"The way companies are thinking about employee rewards and recognition is changing," Spurling said. "Before, it was about keeping employees in the building. If they stay here, they'll do more work. Now nobody's in a building, period. And you're also hoping like all heck that you don't lose your people. You can't afford to lose 40% of your team when you're also trying to hire. So the dynamic has shifted. Now it's thinking more about how you can support employees and make sure they're productive at home, which is really powerful."

The continuation of remote and hybrid work continues employers' concerns about helping employees feel connected to one another — to members of their team as well as other employees within the organization. Incorporating opportunities for peer recognition can remedy this.

"We're seeing a shift in how recognition happens," Spurling said. "It's not just top-down anymore. Now it's about rethinking peer-to-peer recognition in a hybrid or remote workforce. You get so many more cross-team connections happening when people recognize the amazing work other people are doing or how they're living up to the company values. We've seen a huge rise in peer-to-peer recognition."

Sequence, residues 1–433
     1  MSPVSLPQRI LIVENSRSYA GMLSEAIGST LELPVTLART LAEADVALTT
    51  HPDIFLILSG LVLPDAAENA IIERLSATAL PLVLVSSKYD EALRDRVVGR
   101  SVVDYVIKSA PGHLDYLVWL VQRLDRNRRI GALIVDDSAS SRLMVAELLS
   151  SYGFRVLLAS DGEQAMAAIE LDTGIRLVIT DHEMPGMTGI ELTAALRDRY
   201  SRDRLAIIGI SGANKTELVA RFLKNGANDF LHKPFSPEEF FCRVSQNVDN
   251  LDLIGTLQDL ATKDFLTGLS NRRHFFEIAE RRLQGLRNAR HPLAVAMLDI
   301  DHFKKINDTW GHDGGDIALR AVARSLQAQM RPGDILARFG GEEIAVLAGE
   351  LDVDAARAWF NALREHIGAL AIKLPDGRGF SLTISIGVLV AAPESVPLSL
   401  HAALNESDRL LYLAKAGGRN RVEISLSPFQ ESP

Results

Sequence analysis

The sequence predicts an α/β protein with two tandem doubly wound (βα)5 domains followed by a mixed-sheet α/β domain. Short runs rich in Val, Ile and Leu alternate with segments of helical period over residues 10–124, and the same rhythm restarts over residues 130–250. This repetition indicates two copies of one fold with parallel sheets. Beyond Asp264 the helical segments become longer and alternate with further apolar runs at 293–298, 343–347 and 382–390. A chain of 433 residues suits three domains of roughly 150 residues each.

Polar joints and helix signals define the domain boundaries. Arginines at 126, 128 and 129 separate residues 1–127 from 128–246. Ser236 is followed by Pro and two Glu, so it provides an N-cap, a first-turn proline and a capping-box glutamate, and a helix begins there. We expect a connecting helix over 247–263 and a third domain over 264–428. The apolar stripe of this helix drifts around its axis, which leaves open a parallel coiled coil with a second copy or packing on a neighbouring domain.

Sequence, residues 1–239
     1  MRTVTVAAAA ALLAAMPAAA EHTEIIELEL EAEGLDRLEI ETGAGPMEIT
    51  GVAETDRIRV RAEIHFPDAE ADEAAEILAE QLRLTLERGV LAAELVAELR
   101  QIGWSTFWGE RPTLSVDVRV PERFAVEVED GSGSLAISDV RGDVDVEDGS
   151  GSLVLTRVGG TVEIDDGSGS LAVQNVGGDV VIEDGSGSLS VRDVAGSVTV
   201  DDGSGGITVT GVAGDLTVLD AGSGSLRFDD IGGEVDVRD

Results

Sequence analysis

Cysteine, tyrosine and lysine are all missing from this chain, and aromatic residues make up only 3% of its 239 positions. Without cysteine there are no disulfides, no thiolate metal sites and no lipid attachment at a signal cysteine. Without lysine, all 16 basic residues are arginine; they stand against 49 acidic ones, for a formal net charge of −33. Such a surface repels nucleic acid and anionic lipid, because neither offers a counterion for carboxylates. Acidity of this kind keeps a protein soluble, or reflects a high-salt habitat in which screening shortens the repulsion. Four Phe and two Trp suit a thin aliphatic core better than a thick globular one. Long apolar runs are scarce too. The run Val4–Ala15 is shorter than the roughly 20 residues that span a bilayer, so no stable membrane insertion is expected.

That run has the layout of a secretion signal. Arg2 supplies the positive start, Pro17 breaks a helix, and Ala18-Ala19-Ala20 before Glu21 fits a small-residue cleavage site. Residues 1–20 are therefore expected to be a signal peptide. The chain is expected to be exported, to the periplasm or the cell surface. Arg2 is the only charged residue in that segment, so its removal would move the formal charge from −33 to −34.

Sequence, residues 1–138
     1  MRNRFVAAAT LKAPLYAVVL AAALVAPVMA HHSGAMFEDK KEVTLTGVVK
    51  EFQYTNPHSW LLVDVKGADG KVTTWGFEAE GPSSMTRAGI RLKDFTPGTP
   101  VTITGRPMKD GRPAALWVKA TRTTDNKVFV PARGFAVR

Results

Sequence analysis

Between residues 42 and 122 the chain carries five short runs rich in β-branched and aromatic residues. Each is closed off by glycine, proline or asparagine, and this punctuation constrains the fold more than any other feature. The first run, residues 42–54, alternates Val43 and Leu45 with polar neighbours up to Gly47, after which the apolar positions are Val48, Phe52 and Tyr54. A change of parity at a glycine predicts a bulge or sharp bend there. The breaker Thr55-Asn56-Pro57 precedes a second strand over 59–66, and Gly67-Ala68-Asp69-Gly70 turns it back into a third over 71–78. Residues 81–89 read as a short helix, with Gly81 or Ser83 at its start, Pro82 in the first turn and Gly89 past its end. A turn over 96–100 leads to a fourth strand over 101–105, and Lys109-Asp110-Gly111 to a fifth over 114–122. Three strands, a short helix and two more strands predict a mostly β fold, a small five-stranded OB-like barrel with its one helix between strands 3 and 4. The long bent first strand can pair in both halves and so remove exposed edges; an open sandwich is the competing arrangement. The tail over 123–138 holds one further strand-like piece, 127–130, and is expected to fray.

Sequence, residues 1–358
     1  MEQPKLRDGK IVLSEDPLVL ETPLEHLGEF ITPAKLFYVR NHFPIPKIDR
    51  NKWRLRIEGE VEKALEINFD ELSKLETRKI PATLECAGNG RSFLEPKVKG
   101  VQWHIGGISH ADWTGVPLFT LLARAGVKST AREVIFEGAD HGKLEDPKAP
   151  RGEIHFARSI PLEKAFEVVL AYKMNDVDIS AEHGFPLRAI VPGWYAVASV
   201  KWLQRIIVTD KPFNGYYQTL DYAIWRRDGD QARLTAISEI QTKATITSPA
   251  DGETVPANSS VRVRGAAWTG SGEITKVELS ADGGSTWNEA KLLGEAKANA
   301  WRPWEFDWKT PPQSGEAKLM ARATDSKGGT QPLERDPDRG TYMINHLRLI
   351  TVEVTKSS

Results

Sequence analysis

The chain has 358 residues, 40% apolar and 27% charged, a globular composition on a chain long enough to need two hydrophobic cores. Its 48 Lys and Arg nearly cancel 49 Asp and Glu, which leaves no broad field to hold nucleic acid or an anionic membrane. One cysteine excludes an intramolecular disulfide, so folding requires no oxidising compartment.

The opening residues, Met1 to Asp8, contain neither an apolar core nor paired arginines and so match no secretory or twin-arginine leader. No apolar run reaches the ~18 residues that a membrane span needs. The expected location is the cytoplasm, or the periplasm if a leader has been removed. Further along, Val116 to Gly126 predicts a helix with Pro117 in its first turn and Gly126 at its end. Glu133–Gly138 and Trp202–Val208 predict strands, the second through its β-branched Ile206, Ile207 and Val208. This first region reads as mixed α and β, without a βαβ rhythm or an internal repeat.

Investing in personalization

Employee stipends may be the employee rewards shortcut business leaders never knew they needed. Rather than trying to add hundreds of different, specific perks that aren't likely to be used by the majority of employees anyway, it's time to rethink employee rewards and recognition programs.

Offer options that empower employees to make decisions about what is best for them. Let them know that their contributions matter and that you care about their well-being enough to put your money where your mouth is. Investing in employees by helping them fund the things that matter to them most can lead to happier, more engaged employees and unlock growth potential across your organization.

Learn more about ADP Marketplace partner, Compt.